Your water heater is essential to the comforts of modern life in Denver, CO. There’s also a lot that can go wrong with it. These issues can prove inconvenient and cause you to have no hot water at all. With that in mind, let’s explore the most common water heater problems you may encounter.

Not Enough Hot Water

If you’re running out of hot water quickly, timing is a crucial factor. If you’re experiencing a water supply issue in the morning when everyone is taking showers, you likely have an undersized tank. You need around 50 gallons for a family of four at minimum. Many larger households will opt for a 75-gallon tank to ensure they always have enough hot water available.

If you run out of water at intermittent times, there are several potential causes. It could be that the thermostat on your hot water tank is failing. There may be too much sediment buildup in the tank, or you have a broken dip tube. The dip tube is what channels cold water to the bottom of the tank. If it malfunctions, it effectively lowers tank capacity.

No Hot Water

If you’ve ruled out other problems and have determined that you’ve simply run out of hot water, the usual culprit is the power source. If you have an electric unit, check the circuit breaker. If you have a gas unit, ensure that the pilot light is functioning. Electric units have a reset button. For gas units, you can relight the pilot.

If you can’t relight the pilot and have propane or fuel oil, check the supply to ensure it’s not empty. Otherwise, you’ll need to call a plumber to investigate the issue. There can be a myriad of reasons why a water heater isn’t heating water. These include a failed thermostat, gas line connection issues, a failed ignition or pilot light mechanism, or a faulty heating element.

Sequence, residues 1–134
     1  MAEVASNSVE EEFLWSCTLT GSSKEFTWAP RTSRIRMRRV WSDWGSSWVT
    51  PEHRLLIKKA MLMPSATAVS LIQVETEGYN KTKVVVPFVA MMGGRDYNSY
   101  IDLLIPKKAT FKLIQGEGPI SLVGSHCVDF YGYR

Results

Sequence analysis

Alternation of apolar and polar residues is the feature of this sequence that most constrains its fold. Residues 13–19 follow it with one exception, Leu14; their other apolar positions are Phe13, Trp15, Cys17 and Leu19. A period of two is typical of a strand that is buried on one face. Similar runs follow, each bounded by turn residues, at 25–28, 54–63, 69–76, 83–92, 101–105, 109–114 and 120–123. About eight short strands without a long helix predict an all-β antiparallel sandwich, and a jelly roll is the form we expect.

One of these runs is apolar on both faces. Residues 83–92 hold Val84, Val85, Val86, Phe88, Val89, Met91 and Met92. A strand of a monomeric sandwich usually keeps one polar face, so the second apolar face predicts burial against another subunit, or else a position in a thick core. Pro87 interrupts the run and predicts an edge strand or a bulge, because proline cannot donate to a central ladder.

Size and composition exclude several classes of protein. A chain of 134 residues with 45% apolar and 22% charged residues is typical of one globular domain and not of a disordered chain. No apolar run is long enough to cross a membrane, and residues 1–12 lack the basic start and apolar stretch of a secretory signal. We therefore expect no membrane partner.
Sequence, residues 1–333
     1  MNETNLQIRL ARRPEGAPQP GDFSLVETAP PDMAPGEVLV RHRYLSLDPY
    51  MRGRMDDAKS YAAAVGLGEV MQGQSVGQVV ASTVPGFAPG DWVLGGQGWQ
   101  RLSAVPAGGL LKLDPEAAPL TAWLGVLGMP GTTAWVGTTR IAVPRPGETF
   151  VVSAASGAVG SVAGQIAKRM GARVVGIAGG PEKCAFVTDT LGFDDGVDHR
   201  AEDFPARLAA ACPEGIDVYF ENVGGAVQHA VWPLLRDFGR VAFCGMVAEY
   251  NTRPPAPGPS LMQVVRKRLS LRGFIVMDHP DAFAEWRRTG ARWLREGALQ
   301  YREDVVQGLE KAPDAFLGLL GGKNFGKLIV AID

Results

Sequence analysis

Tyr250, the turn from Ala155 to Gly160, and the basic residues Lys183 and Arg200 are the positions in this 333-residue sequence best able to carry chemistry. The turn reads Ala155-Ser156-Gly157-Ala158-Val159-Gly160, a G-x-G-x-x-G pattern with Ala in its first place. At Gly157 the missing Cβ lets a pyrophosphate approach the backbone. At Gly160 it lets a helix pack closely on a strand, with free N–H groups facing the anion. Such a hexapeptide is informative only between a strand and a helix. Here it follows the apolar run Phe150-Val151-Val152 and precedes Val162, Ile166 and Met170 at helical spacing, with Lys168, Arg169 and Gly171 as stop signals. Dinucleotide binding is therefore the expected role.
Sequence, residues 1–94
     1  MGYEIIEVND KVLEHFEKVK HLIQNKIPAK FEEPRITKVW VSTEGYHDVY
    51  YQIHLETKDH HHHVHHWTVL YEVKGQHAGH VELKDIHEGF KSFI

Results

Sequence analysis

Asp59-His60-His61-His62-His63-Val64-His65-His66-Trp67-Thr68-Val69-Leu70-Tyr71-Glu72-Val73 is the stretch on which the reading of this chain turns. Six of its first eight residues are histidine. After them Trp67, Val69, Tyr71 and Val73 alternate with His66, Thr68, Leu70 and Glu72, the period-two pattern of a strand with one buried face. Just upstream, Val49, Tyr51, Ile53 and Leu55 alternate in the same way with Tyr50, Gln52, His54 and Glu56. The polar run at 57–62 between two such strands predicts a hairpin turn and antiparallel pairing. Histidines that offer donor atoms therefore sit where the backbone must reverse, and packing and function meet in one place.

Low Water Pressure

Generally, water pressure issues caused by water heater issues will affect only hot water. A buildup of sediment or minerals is a common cause. In the case of mineral buildup, it can affect the cold-water supply if it’s encroaching beyond the water heater. The reason can also be a malfunctioning shutoff valve or kinks in the flexible hoses connected to the water heater.

Discolored Water

Rust or other corrosion is the usual reason for discolored water coming out of your fixtures. It results in the water having a brown, orange or red hue. The anode rod may have failed. If you catch the problem early enough, a plumber can replace the rod. If the corrosion has compromised the tank, you’ll need to replace the entire water heater.

Discoloration can also be due to an accumulation of sediment or minerals. In these cases, your plumber needs to flush the tank. In rare cases, it can be bacteria that are causing the problem. In that scenario, your plumber can disinfect the tank and determine the cause to prevent it in the future.

Unpleasant Water Smells

Bad smells may be due to corrosion and a failed anode rod and may precede discoloration. It can also be due to a buildup of sediment or minerals. Bacterial growth can also cause it. If your water smells like rotten eggs, it’s due to hydrogen sulfide gas in the tank. If the hot water heater has gone unused for a while, you just need to run the hot water to flush the gas out. If the water heater has been in use, then you’ll need to call a plumber to inspect the anode rod.

Water Is Too Hot or Too Cool

If your hot water is too hot or cool in general, the likely cause is the temperature setting. The U.S. Department of Energy recommends 120° F for both safety and energy efficiency. If your water is suddenly too hot or too cool despite a proper setting, it probably indicates a failed thermostat. A plumber will need to replace it.